Varenius, Bernhardus

Varenius, Bernhardus

(bŭrnhär`dəs vərē`nēəs), or

Bernhard Varen

(bĕrn`härt fä`rən), 1622–50, Dutch geographer. He studied to be a physician, but instead focused on geography. His first work was a geography and history of Japan, Descriptio regni Iaponiae (1649). He is best known for his Geographia generalis (1650), standard for a century and translated into many languages. Newton used part of it in the production of the English Cambridge edition (1682) and incorporated the work into his teaching. Varenius attempted to define the field of geography as a science and to classify, organize, and coordinate its branches.

Varenius, Bernhardus

 

(Bernhard Varen). Born 1622 in Hanover; died 1650 or 1651 in Leiden. Dutch geographer. Varenius was the author of Geographia Generalis, in which, from a systematized knowledge of the earth, he first made the distinction between general and special (regional) geography. The first edition of his book appeared in Amsterdam in 1650, and the second and third in 1672 and 1681 in Cambridge, edited by Newton. In the reign of Peter I, the book was translated into Russian and issued under the title General Geography, the Celestial and Terrestrial-Maritime Regions Together With Their Properties and Occurrences Therein, Described in Three Volumes (1718).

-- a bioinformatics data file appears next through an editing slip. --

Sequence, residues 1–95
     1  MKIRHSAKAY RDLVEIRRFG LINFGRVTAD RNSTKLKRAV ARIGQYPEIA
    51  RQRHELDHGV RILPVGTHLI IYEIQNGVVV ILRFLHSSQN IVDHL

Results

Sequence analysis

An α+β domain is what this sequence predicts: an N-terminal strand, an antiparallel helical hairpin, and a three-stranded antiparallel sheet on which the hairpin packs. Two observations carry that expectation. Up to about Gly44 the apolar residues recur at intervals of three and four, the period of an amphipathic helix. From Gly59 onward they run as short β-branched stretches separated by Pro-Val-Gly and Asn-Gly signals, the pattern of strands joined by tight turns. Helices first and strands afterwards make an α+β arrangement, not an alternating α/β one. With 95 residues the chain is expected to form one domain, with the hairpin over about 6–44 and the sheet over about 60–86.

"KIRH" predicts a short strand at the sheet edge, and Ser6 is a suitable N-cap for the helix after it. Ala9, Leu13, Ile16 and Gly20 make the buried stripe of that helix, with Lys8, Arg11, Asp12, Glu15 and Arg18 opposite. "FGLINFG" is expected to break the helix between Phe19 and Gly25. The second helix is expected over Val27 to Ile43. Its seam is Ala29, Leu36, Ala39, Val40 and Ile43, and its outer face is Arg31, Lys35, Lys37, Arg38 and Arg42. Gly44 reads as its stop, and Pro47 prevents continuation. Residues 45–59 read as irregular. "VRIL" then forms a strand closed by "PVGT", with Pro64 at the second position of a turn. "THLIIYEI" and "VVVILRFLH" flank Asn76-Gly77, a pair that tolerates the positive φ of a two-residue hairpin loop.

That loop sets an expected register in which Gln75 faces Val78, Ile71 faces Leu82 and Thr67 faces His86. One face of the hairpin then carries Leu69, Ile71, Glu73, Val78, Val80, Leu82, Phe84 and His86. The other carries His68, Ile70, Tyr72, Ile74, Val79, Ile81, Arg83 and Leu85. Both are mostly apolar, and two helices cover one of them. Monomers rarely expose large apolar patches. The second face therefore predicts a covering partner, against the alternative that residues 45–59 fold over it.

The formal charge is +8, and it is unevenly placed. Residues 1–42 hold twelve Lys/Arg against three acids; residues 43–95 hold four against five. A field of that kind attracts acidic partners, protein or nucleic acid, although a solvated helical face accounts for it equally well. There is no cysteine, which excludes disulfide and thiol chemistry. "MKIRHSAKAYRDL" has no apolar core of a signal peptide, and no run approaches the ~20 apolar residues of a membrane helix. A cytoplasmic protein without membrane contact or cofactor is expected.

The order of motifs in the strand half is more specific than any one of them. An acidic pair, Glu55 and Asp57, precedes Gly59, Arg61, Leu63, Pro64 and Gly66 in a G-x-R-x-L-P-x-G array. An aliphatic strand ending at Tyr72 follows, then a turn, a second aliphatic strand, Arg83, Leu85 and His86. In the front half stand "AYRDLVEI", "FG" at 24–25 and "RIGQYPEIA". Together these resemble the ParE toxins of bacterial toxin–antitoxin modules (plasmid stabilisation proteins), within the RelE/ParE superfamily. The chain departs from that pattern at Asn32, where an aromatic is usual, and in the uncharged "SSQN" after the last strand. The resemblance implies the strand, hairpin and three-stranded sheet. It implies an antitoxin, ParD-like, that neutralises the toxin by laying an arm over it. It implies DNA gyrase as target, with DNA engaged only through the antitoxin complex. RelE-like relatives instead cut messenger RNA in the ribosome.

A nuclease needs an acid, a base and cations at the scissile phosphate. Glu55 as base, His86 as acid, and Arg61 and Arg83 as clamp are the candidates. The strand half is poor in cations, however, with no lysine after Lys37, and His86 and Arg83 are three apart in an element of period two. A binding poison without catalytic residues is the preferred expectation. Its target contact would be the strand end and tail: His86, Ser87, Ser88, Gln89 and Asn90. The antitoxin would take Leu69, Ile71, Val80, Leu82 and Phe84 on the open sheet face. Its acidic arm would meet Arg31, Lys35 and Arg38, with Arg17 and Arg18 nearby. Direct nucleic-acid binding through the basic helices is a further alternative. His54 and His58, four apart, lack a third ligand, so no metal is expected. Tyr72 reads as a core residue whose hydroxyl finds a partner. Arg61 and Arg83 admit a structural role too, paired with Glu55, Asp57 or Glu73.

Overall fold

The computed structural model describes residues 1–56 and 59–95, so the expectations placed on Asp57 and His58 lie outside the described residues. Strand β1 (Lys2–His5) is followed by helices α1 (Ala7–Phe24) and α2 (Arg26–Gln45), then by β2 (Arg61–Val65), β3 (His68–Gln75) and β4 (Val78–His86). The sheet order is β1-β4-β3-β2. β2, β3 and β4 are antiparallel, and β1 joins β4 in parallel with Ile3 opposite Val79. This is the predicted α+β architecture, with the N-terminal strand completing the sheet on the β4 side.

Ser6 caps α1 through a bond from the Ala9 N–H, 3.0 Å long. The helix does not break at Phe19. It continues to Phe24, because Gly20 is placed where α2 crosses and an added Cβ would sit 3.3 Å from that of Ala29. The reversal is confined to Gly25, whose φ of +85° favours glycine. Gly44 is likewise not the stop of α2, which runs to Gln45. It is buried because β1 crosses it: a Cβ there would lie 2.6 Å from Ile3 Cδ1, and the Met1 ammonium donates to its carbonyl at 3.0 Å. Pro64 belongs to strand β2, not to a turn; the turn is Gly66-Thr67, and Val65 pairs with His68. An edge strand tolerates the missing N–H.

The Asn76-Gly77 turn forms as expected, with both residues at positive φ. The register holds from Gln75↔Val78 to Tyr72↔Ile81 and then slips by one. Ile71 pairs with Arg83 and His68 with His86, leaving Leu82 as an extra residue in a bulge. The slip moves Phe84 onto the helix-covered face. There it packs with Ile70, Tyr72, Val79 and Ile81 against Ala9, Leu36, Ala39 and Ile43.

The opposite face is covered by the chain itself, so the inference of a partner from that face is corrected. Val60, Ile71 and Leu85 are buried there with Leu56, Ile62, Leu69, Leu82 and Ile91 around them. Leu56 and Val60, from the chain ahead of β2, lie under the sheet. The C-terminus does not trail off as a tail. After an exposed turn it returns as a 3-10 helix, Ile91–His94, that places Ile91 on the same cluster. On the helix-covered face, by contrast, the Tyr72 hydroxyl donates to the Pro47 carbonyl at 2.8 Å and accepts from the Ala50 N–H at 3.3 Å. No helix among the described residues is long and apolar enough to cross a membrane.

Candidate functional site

Mentioned in ?